SANTA BARBARA — In a basement at Old Mission Santa Barbara, a filing cabinet is thick with claims of miracles that didn't make the grade.
A man falls off his horse and, thanks to Junipero Serra, he gets up unscathed. A woman visits Serra's tomb in Carmel and something stirs her deeply, changing the course of her life. An alcoholic gives up drinking and credits Serra for seeing him through.
They all believed their experiences to be miraculous -- but none was deemed the miracle needed to lift Serra into sainthood, a goal church officials announced 75 years ago today, the 225th anniversary of his death.
Serra, the revered and reviled Franciscan priest who founded California's missions, has one officially recognized miracle to his name. A nun in St. Louis was healed of lupus after praying to him, leading to Serra's beatification in 1987.
For The Record
Los Angeles Times Wednesday, September 02, 2009 Home Edition Main News Part A Page 4 National Desk 1 inches; 61 words Type of Material: Correction
Junipero Serra: An article in Friday's Section A about efforts to canonize Junipero Serra, the Franciscan missionary, reported that the mission in Santa Barbara was one of the nine he founded in California before his death in 1784. The mission was the 10th established in California and was founded two years after Serra's death by his successor, Fermin Francisco de Lasuen.
But sainthood requires a second miracle, defined by the church as an event that cannot be explained by science but can be attributed to the candidate's intercession from beyond the grave.
Two years ago, Serra advocates thought they had found one. A Denver woman who had prayed to Serra delivered a healthy baby, despite a dire prognosis. The case went to Rome, but physicians for the Vatican concluded it was not a miracle.
Now there's another possibility. Sheila E. Lichacz, a Panamanian artist, has survived 14 brain surgeries for tumors called meningiomas, after being told time and again that she was dying. One-third of her skull was removed in surgery and replaced with acrylic plates. But they too were removed after causing life-threatening infections.
Now a large part of her brain is covered not by bone or plates, but only by flesh.
Yet at 66, she is exuberant and stylish. On a recent trip to Santa Barbara to confer with priests about her medical history, she wore a brilliant blue pantsuit with matching hat and turban, heavy silver chains and a black leather belt of her own design studded with 13 silver crucifixes. Her words tumble out in a cascade of religious fervor.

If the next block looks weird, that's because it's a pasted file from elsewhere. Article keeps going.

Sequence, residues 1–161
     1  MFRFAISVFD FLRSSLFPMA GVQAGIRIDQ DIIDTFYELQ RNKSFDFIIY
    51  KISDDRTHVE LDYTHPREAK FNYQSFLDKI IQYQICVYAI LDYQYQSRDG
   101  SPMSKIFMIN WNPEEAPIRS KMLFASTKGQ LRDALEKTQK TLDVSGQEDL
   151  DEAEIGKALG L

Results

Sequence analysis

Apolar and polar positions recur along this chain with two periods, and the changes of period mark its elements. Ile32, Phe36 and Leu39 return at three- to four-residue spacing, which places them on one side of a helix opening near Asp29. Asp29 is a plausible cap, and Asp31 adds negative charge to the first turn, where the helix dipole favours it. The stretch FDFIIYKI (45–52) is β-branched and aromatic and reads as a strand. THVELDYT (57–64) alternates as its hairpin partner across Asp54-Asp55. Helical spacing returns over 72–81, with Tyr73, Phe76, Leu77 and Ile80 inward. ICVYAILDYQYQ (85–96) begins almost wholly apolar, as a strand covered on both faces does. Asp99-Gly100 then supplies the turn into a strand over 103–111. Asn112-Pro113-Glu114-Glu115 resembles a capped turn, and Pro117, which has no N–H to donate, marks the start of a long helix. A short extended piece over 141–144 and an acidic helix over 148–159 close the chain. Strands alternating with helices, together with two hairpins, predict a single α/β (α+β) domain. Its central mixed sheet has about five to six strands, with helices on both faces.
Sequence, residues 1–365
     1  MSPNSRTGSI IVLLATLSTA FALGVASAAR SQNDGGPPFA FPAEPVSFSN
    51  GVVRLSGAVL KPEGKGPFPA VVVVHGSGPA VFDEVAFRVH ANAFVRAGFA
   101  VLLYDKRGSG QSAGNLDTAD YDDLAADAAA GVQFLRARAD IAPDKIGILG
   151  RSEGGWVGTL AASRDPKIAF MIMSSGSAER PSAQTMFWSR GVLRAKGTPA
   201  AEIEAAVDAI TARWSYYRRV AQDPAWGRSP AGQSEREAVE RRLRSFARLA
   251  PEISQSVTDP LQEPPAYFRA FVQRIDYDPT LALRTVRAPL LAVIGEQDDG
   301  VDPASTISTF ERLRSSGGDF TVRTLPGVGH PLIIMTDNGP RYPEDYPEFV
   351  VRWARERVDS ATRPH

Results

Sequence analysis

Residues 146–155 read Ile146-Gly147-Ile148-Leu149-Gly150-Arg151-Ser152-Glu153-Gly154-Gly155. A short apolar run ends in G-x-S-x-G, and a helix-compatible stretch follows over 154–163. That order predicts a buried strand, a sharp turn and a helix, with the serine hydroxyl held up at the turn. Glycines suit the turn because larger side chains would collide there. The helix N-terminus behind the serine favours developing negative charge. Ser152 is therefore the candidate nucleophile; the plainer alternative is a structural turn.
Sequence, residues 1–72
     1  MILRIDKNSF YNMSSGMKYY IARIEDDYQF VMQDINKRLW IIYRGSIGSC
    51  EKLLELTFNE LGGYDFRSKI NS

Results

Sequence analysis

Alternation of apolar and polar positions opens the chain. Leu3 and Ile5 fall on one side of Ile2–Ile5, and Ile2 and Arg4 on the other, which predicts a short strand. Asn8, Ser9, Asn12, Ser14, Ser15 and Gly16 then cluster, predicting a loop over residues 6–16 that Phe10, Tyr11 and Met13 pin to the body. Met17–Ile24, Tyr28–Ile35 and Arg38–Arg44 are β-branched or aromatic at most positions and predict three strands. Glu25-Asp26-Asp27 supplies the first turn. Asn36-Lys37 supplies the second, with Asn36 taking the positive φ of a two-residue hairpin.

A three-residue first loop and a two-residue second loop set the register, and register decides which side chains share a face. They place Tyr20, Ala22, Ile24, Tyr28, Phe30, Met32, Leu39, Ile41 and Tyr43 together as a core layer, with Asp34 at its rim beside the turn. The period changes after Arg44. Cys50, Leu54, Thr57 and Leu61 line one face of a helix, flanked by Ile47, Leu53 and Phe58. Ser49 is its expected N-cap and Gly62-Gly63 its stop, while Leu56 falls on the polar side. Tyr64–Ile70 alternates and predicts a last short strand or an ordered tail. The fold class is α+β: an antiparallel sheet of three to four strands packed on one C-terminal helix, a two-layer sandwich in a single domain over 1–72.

"Have you ever seen anything like this?" asks Lichacz, who still has four benign tumors in her head. "Have you? Brain surgery for 45 years? Blessed Junipero -- that poor man, he needs me. He gave it all, I'm telling you, and -- I'm not bragging -- I'm giving it all too."
Whether her story will reach the Vatican is an open question. The process of discerning miracles is grindingly meticulous and has become even more demanding as science explains once-mysterious phenomena.
Serra's top advocate is Father John Vaughn, a Franciscan priest who lives at the mission. Ten years ago, he was appointed Vice Postulator for the Serra Cause -- the fourth in a succession of priests charged with ushering Serra to sainthood.
"I felt honored; I felt humbled," says Vaughn, who, as former minister general of the Order of Friars Minor, led the world's 16,000 Franciscan monks for 12 years. "I guess I felt terrified too."
In his brown robe and rope belt, Vaughn walks slowly through the gardens and down the cool, 189-year-old corridors of Mission Santa Barbara. Now 81 and a stroke survivor, he is keenly aware that his job might outlast him. It took 755 years, after all, to canonize St. Bede.
In Serra's case, much of the heavy lifting has been done. Roman Catholic scholars spent 14 years scouring letters, diaries, church documents, biographies and accounts of those who knew him. They conducted research in 125 libraries. At hearings in California, they took testimony from about 50 descendants of the Indians who toiled at Serra's missions and the Spanish soldiers who guarded them.
Twice Serra's body was exhumed, as prescribed by church tradition, to ensure that he was still in his resting place. Hundreds of shavings from his bones were removed as relics to aid the faithful.
"All the groundwork has been laid," Vaughn said, leading a visitor into the mission's archives. On a wall, part of an embroidered vestment worn by Serra was displayed in a frame. In the vault, a death register written in Serra's bold hand told somber stories of early Santa Barbara; its first entry was for a child named Maria Antonia -- possibly the daughter of a Spanish soldier and an Indian mother -- who died Dec. 22, 1782.
On the shelves, volume after volume -- some 10,000 pages in all -- constitute the transumptum, the complete record of the case for Serra's sainthood.
Santa Barbara was one of nine missions he founded before his death in 1784. Serra, a native of Majorca, the largest island of Spain, evangelized for years in remote regions of Mexico. Seeking to convert as many Native Americans as possible, he hobbled through uncharted California on a painfully ulcerated leg, walking thousands of miles to establish religious communities. At one point, he walked back to Mexico to lobby for a decree barring soldiers from sexually abusing native women.